Do You Become Psycho Mom?

      I am generally the "level-headed parent."  I am generally the person willing to find a way to work it out, and I am willing to admit it if my kid is the one instigating or even participating in the problem.  I believe strongly that it's important to teach children that they are going to run into people that they don't like, and they will have to deal with those people maturely.  

     But I had had enough.  I'd had enough of the nasty looks and rude comments and of this person making it difficult for Punkgirl to JUST GO TO SCHOOL.  She came home yesterday, my proud girl, who never cries, holding herself together by a thin thread.  I asked her what was wrong, expecting the usual "nothing!" response, but instead got a tearful, halting list of the many things that were wrong.
     Separately, they seemed like nothing.  A girl who had given her issues last year sitting in her chair when she got to class.  Snickering because she was behind on a math problem.  Arguing with her at gym.  Telling her that the teachers liked her (the antagonist) better.  Those incidents were nothing.  But like a gang of gnats, they built up to irritate and irritate and irritate until you can't help but wave your arms around and run away.
     I wasn't having it.  Not with Punkgirl, who had enough on her plate.  At the end of the last school year this same girl had threatened to "out" Punkgirl, who used to be her friend.  My spunky little then-6th grader had responded by coming out at school first.  She took the girl's power away, even if it meant being a lot more open than she wanted to be. I asked her if she wanted me to call the school, expecting her usual "no, I'll handle it", but she broke down and nodded yes.
     When I called the school yesterday I was shaking, so upset that my stoic 12 year old was crying.  The Principal wasn't there, nor was the guidance counselor she had been assigned last year.  I got the Assistant Principal, a man I had never met in person and who I didn't know well.   He listened, and suggested the first thing that came to his mind, moving Punkgirl out of the class she shared with the other child.
      I'm pretty sure you could hear the eruptions going on in my head, and I could see Punkgirl's eyebrows raise when she heard me snap sharply (I never snap at school staff)  "No you may not move Punkgirl!"  PUNKGIRL is not the problem!!"  I bit out a list of every issue we had had with the girl last year, including the note that had threatened to out PG.  As he mentioned that the next step might have to be the police, I barked "Fine by me!" 
      Stunned silence.  He must have thought I was THAT parent.
     Let me say that I make every effort to stay out of the drama that afflicts middle schoolers and to try to let them work it out.  Just the beginning of this week I had admonished her to not let the other girl get to her.  But you will not give Punkgirl (or Happyboy for that matter) cold glares, snotty remarks, and constant aggravations every day from the very first day of school without me unleashing so much whupass you will wish you knew what crazy was.  I think the poor AP took the brunt of my psycho parent routine.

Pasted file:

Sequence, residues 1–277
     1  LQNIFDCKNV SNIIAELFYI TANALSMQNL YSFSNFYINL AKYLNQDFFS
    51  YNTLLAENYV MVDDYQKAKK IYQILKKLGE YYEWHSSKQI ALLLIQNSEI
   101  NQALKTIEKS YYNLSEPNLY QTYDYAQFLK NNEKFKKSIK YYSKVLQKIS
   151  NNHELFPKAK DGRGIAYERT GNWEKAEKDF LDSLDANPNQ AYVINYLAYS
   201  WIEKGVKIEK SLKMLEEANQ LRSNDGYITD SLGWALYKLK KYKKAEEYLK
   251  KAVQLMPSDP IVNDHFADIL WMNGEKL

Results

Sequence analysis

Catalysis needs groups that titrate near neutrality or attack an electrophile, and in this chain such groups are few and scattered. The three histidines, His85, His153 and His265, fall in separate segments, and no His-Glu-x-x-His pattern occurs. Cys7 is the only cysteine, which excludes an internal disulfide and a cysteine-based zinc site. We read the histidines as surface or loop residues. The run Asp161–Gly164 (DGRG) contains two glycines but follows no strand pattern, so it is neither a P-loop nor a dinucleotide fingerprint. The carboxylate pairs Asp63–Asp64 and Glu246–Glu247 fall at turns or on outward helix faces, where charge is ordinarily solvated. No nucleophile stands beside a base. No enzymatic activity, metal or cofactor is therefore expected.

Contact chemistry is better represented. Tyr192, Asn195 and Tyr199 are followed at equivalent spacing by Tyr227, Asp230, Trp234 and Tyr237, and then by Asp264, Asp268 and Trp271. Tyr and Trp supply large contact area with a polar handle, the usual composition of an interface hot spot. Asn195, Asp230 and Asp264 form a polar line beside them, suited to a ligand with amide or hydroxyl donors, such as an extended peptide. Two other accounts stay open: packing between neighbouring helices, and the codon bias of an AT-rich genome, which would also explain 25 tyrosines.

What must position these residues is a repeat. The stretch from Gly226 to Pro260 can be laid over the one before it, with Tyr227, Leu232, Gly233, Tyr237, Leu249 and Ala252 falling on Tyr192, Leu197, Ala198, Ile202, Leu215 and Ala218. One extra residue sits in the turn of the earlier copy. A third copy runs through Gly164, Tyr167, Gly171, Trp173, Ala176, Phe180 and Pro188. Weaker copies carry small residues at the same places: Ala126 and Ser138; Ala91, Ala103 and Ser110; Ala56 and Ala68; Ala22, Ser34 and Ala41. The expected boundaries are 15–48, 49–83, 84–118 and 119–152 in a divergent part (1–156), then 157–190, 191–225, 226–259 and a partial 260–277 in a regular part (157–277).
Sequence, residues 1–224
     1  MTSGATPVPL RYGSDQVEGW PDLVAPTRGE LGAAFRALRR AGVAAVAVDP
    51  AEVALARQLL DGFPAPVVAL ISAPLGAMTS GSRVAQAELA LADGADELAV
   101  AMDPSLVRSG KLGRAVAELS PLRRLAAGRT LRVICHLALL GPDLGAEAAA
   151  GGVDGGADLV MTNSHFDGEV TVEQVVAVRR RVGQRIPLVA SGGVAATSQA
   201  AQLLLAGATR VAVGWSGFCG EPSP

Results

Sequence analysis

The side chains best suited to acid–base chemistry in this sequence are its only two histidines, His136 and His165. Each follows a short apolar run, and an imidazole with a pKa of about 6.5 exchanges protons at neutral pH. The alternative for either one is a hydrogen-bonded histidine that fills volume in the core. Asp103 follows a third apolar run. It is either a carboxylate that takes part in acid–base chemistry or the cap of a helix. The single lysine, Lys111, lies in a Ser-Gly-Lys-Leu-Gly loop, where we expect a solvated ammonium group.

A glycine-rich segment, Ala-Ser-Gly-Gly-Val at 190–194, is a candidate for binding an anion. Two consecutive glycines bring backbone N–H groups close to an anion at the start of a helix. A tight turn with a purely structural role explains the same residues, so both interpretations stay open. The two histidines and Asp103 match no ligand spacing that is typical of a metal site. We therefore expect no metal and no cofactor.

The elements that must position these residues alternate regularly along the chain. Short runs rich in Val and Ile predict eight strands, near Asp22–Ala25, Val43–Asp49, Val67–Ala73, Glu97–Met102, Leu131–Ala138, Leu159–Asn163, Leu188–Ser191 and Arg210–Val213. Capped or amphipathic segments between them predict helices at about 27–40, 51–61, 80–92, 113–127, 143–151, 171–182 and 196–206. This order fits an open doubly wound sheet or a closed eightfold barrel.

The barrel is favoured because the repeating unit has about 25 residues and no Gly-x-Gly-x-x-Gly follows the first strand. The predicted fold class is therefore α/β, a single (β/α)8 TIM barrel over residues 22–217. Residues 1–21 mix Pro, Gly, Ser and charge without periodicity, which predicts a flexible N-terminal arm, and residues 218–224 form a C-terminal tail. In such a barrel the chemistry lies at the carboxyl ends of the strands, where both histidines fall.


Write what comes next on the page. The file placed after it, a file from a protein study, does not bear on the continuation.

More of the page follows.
He realized his mistake pretty quickly, that he would be sending Punkgirl the message that she had done something wrong.  He promised to talk to both girls in the morning to get to the bottom of things, and to make sure he had heard both sides of the story.  
      I waited all day, even called once, but he was busy with lunches.  My heart was sinking--did the girl play him?  She was much like a 35 year old  in a 12 year old's body, coming up with quick answers for her actions.  I didn't know him he as accepting of lgbt youth as the rest of the faculty have been?   When he finally called me, I was praying that he did the right thing.
     I was pleasantly surprised.  He went on to tell me that he had spoken to both girls, that he had told PG what an asset she was to the school, that her writing for the school magazine and her working with the kids at the special needs program were signs of a mature and giving person, and that she should keep doing "her thing."  He then told the second girl (she denied nothing) that there would be no contact with PG--this included going to PG's gym class during study to "help out" another child.  If she still couldn't keep herself from bothering PG, she would be moved out of any classes they shared and the police would be brought into it.
     I was relieved, but the best part was when PG came home.  Mrs. Henry, the teacher of the special needs program, had heard about what went on.  She let PG know that they fully support her, and that in fact, her sister is also a lesbian, and that the program was a "safe space for any lgbt student."  PG walked a little taller, and I could breathe a little easier.
     I put psycho-mama back on the shelf, until next time.

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I'm a 40 something year old with two tweens and a new baby. This is my effort to keep my sanity after leaving the workforce, taking up breastfeeding, and managing the kids. I'm mostly fail


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